As soon as a power source is connected to the USB-C port, Stellina’s power button on the opposite side to the battery compartment glows blue. Pressing the power button for a couple of seconds starts the initialisation process and the instrument creates a Wi-Fi hotspot. Up to ten smart devices can be connected to Stellina simultaneously, but only one is designated the administrator – the other nine can look on and see the pictures.

The supplied battery pack (or one of a larger capacity purchased separately) plugs into a USB-C port in the fork arm. Stellina’s minimum power requirement is 2.4A at 5V. It can also operate from a mains transformer (not supplied), the cable running through an aperture in the base of the battery compartment door.


Before you can start capturing images with Stellina, you need a compatible Android smartphone/tablet, or an iPhone/iPad, onto which you must download the free Stellinapp from either the Google Play Store or Apple’s App Store. The minimum Android requirement is version 4.4, or iOS 10 for Apple devices. Vaonis releases regular software updates, some of which are updates for Stellina itself, so the first time I launched the app I wasn’t surprised that it also patched the instrument’s firmware, all without any issues. Another thing that you can do on first launching Stellinapp is to create a user profile where you can save your observation history, favourite targets and app settings.

The app’s user interface changes depending on whether you are in the Control, Catalogue, Capture, or User Profile tab. It’s intuitive to use and largely self-explanatory after a few minutes’ use. Control is where you wake Stellina, or engage sleep or park mode. Catalogue is where you select targets from a current list of about 200 objects compiled from Messier, NGC and IC deep-sky objects, asterisms, prominent double stars, the Moon and planets, or you can manually enter coordinates. Capture is the section of the app where you frame your compositions and start stacking sets of ten-second exposures (called frames in Stellinapp) to form long-exposure images, zoom and pan around them, apply simple processing before saving, and share or export your photos.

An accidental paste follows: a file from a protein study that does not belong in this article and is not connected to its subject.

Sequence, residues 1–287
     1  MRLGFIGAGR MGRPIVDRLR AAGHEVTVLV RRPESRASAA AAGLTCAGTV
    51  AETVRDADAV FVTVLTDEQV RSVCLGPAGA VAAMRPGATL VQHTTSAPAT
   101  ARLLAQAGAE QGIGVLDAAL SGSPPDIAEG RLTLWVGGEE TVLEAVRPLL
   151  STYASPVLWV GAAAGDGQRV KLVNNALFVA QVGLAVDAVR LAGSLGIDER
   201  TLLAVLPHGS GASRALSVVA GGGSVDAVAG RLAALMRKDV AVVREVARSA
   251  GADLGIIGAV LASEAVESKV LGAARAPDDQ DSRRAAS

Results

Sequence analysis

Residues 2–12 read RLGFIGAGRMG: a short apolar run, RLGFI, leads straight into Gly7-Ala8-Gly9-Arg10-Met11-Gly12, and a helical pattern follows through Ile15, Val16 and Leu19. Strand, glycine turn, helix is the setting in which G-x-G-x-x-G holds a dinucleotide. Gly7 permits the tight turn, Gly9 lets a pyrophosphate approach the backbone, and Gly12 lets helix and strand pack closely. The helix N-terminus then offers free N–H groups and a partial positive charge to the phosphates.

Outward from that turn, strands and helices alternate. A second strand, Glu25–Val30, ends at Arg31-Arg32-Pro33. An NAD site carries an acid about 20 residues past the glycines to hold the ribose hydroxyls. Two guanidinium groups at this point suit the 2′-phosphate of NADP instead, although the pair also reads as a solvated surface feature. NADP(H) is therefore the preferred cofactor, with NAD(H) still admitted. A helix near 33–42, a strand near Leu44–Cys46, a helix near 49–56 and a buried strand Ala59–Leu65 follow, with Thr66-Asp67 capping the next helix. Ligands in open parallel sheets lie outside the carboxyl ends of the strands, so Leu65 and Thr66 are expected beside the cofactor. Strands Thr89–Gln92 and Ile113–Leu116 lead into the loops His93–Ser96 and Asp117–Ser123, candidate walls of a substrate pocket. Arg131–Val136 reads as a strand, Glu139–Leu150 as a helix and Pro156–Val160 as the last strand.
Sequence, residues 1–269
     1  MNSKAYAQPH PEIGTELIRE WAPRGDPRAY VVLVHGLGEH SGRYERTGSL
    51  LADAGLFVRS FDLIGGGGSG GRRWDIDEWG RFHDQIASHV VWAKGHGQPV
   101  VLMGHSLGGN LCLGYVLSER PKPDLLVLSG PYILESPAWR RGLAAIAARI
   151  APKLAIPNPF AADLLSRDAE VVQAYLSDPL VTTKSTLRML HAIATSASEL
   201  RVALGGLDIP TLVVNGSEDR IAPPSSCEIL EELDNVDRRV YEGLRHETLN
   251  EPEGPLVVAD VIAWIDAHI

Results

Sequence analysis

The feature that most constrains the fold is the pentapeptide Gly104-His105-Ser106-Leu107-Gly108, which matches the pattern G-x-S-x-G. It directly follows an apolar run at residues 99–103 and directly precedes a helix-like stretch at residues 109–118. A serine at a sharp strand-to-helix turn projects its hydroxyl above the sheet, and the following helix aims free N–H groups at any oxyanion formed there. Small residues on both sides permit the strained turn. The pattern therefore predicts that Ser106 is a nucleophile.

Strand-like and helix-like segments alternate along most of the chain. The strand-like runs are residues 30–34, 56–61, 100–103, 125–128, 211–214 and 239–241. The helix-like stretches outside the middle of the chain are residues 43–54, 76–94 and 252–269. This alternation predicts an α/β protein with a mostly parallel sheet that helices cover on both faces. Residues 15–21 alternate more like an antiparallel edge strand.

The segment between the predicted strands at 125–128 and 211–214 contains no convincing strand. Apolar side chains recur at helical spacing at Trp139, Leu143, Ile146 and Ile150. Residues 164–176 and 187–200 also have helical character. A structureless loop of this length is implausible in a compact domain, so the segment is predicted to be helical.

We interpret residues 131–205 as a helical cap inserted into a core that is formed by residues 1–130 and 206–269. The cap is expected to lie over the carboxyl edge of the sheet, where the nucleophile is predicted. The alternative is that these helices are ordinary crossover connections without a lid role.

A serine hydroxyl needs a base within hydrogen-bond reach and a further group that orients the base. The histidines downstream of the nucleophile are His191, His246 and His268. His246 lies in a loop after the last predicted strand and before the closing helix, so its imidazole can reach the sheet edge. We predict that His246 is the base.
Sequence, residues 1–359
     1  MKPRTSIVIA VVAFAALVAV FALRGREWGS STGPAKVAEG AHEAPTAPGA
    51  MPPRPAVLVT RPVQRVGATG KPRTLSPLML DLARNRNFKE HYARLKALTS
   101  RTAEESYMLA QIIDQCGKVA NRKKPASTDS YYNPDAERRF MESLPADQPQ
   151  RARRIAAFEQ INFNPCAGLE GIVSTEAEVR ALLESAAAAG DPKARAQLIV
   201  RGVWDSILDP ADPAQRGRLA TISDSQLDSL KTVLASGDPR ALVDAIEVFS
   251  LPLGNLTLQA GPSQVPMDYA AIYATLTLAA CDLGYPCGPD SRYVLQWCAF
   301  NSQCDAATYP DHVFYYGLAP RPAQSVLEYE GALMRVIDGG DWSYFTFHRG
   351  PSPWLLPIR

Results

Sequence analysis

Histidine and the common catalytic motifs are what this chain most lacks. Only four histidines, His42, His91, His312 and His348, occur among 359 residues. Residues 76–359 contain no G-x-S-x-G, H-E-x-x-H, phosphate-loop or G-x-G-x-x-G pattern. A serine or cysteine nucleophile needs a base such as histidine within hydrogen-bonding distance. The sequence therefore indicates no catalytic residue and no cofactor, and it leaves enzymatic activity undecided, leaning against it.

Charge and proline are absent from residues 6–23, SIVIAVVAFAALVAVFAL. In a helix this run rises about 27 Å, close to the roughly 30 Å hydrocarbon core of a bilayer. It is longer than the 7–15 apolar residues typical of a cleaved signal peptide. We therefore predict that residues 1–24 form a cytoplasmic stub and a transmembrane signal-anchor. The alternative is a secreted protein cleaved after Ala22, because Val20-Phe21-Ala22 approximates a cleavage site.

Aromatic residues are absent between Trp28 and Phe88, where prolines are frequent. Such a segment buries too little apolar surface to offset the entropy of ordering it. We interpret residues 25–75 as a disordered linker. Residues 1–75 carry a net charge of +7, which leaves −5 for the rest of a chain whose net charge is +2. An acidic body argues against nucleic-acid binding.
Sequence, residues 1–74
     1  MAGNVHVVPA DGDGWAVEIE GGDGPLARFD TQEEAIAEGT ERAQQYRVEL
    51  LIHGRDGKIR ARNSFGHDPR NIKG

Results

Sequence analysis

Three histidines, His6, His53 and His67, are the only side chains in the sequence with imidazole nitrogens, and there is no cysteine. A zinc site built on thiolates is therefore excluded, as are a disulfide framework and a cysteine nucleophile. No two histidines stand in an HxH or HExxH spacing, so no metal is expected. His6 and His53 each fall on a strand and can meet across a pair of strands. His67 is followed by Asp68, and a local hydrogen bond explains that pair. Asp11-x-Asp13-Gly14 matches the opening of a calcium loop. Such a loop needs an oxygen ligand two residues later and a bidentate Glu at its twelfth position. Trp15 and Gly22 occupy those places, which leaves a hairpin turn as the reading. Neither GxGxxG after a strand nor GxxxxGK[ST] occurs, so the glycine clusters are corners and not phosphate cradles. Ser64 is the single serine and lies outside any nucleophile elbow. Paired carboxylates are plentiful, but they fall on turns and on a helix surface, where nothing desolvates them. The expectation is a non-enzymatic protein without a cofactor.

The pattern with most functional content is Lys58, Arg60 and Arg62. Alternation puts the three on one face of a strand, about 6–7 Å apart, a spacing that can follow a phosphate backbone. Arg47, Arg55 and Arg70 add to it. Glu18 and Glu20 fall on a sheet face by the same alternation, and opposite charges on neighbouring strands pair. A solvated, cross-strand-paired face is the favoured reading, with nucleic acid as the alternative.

Real-world testing

As explained earlier, Stellina has a built-in CLS filter, so rather than travel out to my usual dark-sky site, I chose to use the instrument in my suburban back garden on the edge of a mid-sized market town, typifying the environment in which Stellina would be used. The town recently made the switch to LED street lighting and three such lanterns lay within 50 metres of the test site, and I had placed the instrument in the shade of the nearest light.

Once connection to Stellina’s Wi-Fi network is established in Stellinapp, which is about a minute after booting, and after you have logged in (it’s not compulsory), you need to initialise the instrument. The first time that you see the central section of Stellina’s casing quietly rotate out of its parked position and the objective lens slowly point up to the stars is quite magical! Stellina then uses GPS geolocation to model what’s above you and then presents a catalogue of objects currently visible using a traffic-light system: green is good to observe, amber is too low or too near the zenith, and red is below your horizon.